In failing to reel in Rodger Saffold, the Texans offseason unraveled in front of our eyes

In 2018, the Texans got in a massive bidding war with the Giants for the services of Nate Solder. They failed to get the deal done. Solder was serviceable at best in New York, but the Houston offensive line was a cataclysmic sieve for the team, altering how the offense played on multiple occasions. They were unable to generate push up front, they were unable to protect Deshaun Watson on the edges, and that pressure cascaded into some of Watson’s worst mistakes of the season. Mistakes that could have made the difference between a first-round bye and getting trounced by a hot Colts team.

Rodger Saffold wasn’t my preferred target inside — that would’ve been Matt Paradis — but reasonable minds can disagree on the value of the two players and how Nick Martin would play at guard. Here’s the calculus of the situation:

  1. The Texans had more cap space available than the Titans, the team that they were reportedly against to the end with Saffold.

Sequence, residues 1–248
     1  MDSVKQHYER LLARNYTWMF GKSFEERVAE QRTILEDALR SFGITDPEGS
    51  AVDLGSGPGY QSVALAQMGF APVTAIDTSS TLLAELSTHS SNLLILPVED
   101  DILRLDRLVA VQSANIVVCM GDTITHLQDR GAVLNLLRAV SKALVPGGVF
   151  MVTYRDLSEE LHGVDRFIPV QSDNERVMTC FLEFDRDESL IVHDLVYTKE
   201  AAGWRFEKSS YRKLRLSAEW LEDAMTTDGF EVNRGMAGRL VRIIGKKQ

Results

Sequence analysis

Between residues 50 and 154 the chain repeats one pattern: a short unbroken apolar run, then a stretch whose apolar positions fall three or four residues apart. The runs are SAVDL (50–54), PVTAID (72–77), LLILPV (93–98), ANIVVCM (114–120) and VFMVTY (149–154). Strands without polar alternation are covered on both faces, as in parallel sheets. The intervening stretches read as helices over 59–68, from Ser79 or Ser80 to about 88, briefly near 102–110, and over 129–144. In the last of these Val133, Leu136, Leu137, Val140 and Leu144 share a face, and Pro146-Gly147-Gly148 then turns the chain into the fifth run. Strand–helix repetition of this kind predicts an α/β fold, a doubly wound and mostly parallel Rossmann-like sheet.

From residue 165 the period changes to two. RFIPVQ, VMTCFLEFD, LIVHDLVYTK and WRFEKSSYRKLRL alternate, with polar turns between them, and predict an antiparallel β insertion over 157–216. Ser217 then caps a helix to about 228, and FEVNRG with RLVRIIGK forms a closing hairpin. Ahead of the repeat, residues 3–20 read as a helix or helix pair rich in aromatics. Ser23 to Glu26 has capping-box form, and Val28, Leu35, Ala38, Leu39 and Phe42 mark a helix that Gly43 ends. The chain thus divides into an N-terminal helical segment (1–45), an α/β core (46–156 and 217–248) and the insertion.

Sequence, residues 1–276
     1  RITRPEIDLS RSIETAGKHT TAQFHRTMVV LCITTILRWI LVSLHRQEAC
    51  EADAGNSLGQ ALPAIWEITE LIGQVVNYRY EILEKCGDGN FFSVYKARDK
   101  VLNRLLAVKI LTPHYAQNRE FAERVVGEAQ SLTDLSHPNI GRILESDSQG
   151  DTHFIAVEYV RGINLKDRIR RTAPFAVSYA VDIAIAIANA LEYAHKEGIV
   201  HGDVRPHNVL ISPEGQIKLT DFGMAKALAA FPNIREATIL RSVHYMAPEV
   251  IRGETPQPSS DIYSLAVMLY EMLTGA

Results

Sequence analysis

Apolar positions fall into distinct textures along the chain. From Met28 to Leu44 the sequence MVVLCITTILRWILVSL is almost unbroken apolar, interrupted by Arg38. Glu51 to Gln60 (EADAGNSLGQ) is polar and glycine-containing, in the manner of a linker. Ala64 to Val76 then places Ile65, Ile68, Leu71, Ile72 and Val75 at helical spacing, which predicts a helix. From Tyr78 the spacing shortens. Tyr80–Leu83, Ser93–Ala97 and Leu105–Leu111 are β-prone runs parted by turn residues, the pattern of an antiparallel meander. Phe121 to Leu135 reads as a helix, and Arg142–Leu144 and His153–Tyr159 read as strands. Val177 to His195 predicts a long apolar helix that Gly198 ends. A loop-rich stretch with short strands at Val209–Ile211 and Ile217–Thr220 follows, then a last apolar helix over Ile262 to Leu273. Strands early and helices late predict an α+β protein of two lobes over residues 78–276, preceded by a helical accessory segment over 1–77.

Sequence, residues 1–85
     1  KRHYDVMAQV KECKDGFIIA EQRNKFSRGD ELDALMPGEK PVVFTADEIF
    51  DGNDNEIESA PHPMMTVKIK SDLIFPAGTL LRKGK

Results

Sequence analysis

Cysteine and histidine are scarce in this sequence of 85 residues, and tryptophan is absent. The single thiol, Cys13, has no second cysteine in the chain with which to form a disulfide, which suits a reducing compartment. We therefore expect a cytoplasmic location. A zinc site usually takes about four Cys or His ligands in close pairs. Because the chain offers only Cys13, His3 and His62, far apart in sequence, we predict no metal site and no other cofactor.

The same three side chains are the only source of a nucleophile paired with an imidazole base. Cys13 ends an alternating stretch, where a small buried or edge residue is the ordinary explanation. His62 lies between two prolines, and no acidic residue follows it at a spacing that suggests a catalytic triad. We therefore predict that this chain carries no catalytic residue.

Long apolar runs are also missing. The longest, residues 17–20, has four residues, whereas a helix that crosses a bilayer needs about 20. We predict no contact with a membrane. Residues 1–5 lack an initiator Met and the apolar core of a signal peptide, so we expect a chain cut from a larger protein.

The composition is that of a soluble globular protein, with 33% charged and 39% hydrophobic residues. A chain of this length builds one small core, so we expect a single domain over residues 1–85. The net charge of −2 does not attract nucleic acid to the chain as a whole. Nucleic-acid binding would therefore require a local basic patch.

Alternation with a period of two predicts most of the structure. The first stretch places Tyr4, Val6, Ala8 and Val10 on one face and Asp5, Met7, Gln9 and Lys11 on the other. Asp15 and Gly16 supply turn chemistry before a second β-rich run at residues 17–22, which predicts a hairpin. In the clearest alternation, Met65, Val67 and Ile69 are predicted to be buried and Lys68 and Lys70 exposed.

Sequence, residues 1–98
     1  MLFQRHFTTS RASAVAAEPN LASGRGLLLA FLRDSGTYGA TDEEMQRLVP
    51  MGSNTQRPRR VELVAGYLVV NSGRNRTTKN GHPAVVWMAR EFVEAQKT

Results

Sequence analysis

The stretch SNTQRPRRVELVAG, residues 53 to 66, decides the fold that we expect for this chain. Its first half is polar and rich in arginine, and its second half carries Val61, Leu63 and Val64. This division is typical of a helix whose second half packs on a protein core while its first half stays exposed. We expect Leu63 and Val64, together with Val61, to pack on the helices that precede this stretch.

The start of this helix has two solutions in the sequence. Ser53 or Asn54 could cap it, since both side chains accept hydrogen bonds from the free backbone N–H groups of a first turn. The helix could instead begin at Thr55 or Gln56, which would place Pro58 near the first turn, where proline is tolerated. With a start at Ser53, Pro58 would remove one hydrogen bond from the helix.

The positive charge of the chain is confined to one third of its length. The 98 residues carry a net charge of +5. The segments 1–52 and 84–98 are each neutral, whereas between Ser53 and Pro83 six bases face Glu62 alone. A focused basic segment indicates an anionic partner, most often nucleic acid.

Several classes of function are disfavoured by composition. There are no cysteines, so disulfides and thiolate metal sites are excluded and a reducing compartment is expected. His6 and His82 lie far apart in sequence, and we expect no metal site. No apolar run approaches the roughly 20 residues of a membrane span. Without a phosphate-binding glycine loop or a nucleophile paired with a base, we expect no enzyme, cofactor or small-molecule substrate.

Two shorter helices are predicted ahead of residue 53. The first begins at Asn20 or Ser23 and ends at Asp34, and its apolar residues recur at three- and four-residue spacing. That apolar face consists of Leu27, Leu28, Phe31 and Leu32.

2. With Saffold signing a four-year, $44 million deal that essentially only guarantees two years of play (guaranteed $22.5 million, most structured in the first two), the Titans didn’t exactly give Saffold an unbeatable offer. For the sake of comparison, it took almost $35 million in guarantees to land Solder. In fact, the Texans could’ve given Saffold more up front if they were worried about him being a long-term liability, because they have no salary cap worries to even discuss this season. There’s no way they’re spending the entire hoard of it right now.
  3. Every incremental upgrade means a lot to the Texans right now. Saffold displacing Zach Fulton or Senio Kelemete isn’t a big deal on its own, but the cascade effects of that — players having to earn starting spots, possibly even creating depth — are huge. Especially when compared to letting one of the best guards in free agency join an AFC South opponent.
  4. The cornerback market is in shambles and the Texans wildly overpaid for Bradley Roby on a one-year deal if you’d like another place some money could have come from.

Now it’s one of the worst-kept secrets in the NFL that the Texans are going to draft an offensive tackle early in the draft. They might do it in the first round, or they might do it in the second round if a trade-down materializes. Houston is very much an “our guy” organization at tackle and isn’t necessarily going to be swayed by the consensus big board.